Boston Marathon bombing victim speaks on life after tragedy

The victims boyfriend flew to her Houston home six months after the tragedy and proposed

By Courtney Gilmore - Anchor/Reporter

HOUSTON - It has been almost six months since the Boston Marathon bombing, but for Rebekah Gregory the day of the attack feels like it was yesterday. She still replays images of the bombing in her mind.

She went to Boston for her 26th birthday with her 5-year-old son Noah. Her boyfriend Pete Di Martino flew Rebekah and her son to New York, and then drove to Boston to cheer on Pete's mother in the Marathon.

"We had so much fun in Boston," said Rebekah. "We went to a Red- Sox's game and toured the city. We were so excited to see Pete's mom in the race," she said.

Her excitement turned to horror when two bombs were detonated at the finish line. Rebekah, her son, and boyfriend were standing less than 10 feet away.

"We were thrown back, and I just remember chaos and everything being a grey color," she said. "Everyone was screaming. I couldn't feel the pain yet, I was just worried about my son. I tried to reach up to grab him, but I physically couldn't. That's when I looked down and saw that my leg was shattered, and the bone was lying next to me. I was screaming for Noah, and I could hear him call out, 'mommy mommy,' and I thought I was going to die," she said.

Boston first responders rushed Noah to the hospital. He suffered a gash to his leg, some internal bleeding, and a piece of shrapnel hit his head. Her boyfriend Pete, was also injured.

"Ninety percent of the tendons were severed in his foot, and he had multiple burns and shrapnel wounds," said Rebekah.

All three of them went to separate hospitals. While she was screaming in pain, emergency crews lifted her into an ambulance. "It felt like I was burning, the pain was so bad. I kept hearing them say 'we have an amputee on our hands,' and I knew I was going to lose my leg," she said.

After 57 days in the hospital, countless surgeries, hundreds of stitches she is still holding on to her leg.

"Doctors had to literally reconstruct my leg, and I still don't know if I'm going to keep it. Right now it's being held together by metal rods and the pain is unimaginable, but every day I am so thankful. I told God, if they have to take my leg, then so be it. I have my life, and I have my son, and my family," she said.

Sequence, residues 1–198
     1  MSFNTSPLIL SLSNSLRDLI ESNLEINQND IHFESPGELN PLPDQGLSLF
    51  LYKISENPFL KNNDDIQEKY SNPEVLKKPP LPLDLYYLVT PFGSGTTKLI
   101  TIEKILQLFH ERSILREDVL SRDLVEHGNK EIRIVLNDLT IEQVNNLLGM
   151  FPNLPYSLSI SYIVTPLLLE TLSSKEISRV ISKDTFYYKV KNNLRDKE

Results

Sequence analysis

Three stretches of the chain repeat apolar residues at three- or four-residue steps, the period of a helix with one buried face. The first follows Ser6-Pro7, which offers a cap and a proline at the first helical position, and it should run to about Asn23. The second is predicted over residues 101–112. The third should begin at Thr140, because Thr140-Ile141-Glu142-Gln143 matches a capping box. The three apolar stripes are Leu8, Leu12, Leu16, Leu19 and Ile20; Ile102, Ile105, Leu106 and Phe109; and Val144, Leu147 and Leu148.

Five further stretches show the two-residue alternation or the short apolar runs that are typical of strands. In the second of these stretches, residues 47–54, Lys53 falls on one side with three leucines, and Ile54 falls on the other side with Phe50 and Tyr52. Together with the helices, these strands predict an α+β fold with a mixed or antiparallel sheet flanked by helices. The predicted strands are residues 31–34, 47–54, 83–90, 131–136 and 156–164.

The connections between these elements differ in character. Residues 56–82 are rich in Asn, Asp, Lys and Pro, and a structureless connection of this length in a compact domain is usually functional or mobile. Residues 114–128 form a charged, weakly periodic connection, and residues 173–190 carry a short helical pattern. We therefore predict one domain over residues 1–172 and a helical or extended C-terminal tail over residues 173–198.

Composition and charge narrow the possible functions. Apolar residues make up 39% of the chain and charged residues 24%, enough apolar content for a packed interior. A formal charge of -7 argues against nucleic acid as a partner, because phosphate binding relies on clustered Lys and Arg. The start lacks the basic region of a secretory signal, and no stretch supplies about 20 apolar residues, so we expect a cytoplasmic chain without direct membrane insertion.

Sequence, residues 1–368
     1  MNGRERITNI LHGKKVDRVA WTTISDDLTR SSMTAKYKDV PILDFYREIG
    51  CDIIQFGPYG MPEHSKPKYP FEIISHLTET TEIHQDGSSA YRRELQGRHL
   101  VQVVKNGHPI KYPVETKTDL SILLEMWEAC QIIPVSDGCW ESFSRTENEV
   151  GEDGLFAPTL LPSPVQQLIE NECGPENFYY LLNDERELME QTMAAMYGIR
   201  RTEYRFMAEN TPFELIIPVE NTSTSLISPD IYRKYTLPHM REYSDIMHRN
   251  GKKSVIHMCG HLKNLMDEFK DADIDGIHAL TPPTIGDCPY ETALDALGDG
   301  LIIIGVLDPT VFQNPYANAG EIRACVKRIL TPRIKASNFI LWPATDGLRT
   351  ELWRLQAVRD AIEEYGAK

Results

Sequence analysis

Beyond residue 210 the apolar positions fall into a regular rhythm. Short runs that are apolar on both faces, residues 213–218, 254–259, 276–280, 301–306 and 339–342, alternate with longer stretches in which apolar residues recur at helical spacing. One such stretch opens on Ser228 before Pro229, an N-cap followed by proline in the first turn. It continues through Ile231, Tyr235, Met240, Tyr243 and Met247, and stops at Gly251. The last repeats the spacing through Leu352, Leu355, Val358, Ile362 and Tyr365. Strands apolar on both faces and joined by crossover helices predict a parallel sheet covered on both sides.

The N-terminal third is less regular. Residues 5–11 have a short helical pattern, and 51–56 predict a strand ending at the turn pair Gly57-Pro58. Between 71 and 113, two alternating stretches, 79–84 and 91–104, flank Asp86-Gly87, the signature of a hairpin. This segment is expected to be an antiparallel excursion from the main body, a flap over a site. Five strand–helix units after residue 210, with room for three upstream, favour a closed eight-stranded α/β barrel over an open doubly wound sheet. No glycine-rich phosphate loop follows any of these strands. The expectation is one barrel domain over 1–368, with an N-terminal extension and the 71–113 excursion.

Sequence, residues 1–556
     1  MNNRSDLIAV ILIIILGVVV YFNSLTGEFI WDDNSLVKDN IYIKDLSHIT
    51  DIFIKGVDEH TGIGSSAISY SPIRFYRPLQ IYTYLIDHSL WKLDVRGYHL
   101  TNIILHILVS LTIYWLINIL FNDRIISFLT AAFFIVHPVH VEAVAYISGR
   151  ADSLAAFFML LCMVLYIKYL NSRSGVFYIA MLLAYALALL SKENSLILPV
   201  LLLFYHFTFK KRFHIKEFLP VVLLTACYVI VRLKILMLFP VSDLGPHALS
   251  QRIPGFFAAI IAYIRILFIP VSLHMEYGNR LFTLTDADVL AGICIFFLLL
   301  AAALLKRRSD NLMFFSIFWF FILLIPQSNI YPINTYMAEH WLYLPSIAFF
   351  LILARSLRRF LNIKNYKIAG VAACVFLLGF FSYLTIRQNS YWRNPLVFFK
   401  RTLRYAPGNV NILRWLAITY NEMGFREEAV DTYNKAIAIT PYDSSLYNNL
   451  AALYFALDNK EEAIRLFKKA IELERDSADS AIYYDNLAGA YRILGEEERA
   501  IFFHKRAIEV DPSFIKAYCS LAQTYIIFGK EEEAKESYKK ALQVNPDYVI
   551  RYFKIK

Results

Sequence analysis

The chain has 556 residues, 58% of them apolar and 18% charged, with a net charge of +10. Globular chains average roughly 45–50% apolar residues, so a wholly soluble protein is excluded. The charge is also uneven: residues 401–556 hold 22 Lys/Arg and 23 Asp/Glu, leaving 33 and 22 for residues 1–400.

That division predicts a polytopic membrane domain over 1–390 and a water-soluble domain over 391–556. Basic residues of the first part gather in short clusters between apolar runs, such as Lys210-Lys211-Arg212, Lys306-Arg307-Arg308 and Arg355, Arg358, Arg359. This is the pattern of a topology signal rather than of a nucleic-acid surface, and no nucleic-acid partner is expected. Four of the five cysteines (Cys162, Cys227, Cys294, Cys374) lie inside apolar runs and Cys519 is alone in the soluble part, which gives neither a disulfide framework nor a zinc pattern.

The two explosions killed three people and injured 264 others. After weeks in the hospital, Rebekah was air-lifted to Hermann Memorial in Houston, TX where doctors continued to try and save her leg.

"I can remember at one point I was trying to talk to my mom and I couldn't because tubes were down my throat, but I wrote to her 'God is not through with me yet,' and I believe that. Through this tragedy and through my scars there is a story to tell," she said.

In between surgeries Rebekah and her boyfriend Pete communicated through Skype and phone conversations. The tragedy brought them closer together. Unable to live another moment apart, Pete flew into Houston to surprise Rebekah almost six months after the attack in Boston. When he saw her he got down on one knee, leand into her wheelchair and asked Rebekah to marry him.

"I always say that April 15th was the best and worst day of my life, because before that I don't know if I was really truly living. Now I appreciate every day, every breath, and every moment with my family. My hope is that I can be an inspiration to someone else who is also going through tragedy," Gregory said.

Rebekah is still fighting to keep her leg. If you would like to help support Rebekah financially during her medical recovery you can send a check payable to "Rebekah Gregory" and send it to Preferred Corporate Housing 9119 Katy Freeway Houston, TX 77024.

Copyright 2013 by All rights reserved. This material may not be published, broadcast, rewritten or redistributed.